We can’t all be heroes because somebody has to sit on the curb
and clap as they go by.
Seven-year-old Jessica Dubroff achieved fame for her attempt to be the youngest person to pilot a plane across the United States. Departing California on April 10 1996, she and her father Lloyd Dubroff, and flight-instructor and pilot-in-commend Joe Reid headed east, on an eight-day itinerary that was heavy on media interview commitments (including ongoing coverage by cable news). On April 11 the team, with Reid at the controls, left Cheyenne, Wyoming aboard their Cessna 177B. The craft crashed after take-off when it stalled during a thunderstorm. All three persons on board the aircraft were killed.
Whether this accident belongs in a book about celebrity crashes is subject to question. The flight itself was a publicity stunt, framed as a child piloting across America, that was made for television. The infamy of the pilot arises from the event, rather than the event being infamous because of the fame of those involved. Nonetheless we included this case because of these very circumstances, and, because like so many of the unfortunate, high-profile accidents we describe, this one led to a change in aviation policy.
The reason for the crash was straight-forward, according to the NTSB. The pilot-in-command, 52-year-old Joe Reid, had taken off into deteriorating weather conditions (the thunderstorm) in a small craft that was 84 pounds overweight. The “density altitude” at Cheyenne (6,700 feet a.s.l.) was also unfamiliar to the pilot, and contributed to his inability to handle the weather conditions. NTSB also brought attention to the media-stunt nature of the flight and the pressures that were brought to bear on the pilot. According to NTSB, Reid departed under those conditions in order to “adhere to an overly ambitious itinerary, in part, because of media commitments.”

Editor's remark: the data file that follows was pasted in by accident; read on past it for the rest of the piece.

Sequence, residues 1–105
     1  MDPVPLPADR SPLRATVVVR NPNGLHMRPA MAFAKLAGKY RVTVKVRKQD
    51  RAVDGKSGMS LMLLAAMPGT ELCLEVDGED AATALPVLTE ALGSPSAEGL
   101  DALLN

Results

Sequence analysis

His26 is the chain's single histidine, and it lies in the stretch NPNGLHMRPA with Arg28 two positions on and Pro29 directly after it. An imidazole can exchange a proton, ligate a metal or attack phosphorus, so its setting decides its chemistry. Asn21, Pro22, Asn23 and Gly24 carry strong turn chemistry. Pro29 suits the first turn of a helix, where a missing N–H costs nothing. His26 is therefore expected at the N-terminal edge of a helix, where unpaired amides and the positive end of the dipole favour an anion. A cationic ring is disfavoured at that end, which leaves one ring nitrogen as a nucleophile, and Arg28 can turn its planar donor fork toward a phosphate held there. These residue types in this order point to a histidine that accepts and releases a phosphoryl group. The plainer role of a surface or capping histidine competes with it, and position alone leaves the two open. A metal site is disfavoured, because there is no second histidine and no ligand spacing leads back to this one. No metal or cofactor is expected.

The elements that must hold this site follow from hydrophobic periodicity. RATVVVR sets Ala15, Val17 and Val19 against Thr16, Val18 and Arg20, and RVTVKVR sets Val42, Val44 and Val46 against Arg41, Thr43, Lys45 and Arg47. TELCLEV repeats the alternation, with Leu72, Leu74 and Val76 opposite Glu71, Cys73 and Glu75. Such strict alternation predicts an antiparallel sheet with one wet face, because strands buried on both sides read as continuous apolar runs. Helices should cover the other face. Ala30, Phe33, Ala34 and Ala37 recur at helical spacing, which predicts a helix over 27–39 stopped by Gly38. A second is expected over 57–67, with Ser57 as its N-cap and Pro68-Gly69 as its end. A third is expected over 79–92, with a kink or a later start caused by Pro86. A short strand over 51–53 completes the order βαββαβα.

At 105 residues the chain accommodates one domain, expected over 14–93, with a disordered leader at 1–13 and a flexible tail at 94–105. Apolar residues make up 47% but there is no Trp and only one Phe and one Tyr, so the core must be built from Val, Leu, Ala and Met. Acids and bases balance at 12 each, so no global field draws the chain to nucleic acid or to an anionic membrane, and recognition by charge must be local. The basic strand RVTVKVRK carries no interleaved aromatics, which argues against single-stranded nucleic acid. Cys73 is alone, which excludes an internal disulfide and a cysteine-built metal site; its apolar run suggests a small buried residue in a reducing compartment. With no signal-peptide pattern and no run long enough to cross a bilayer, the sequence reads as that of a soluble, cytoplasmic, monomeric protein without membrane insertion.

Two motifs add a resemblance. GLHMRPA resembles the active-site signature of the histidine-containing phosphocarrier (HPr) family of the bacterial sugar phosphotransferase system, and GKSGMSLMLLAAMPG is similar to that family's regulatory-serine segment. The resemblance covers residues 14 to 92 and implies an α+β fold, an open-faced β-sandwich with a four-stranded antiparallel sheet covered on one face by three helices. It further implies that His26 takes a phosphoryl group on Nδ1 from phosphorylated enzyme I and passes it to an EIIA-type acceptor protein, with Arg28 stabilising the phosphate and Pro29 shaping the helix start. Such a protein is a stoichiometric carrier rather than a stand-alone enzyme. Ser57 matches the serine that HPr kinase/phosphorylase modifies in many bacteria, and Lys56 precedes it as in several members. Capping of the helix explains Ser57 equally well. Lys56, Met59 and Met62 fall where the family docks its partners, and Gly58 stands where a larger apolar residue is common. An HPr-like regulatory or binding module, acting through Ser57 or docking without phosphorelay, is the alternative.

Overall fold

The outcry from the public was immediate, outrageous, and also misplaced. Commentators and members of Congress decried letting children fly, as if the seven-year-old Dubroff had been at the controls of the craft when it crashed – she was not. Nonetheless, Congress subsequently passed a change to the Federal Code, 49 U.S.C. 44724, regarding “manipulation of flight controls.” Under this change:
No pilot in command of an aircraft may allow an individual who does not hold -- 1) a valid private pilots certificate issued by the Administrator of the Federal Aviation Administration under part 61 of title 14, Code of Federal Regulations; and (2) the appropriate medical certificate issued by the Administrator under part 67 of such title -- to manipulate the controls of an aircraft if the pilot knows or should have known that the individual is attempting to set a record or engage in an aeronautical competition or aeronautical feat, as defined by the Administrator.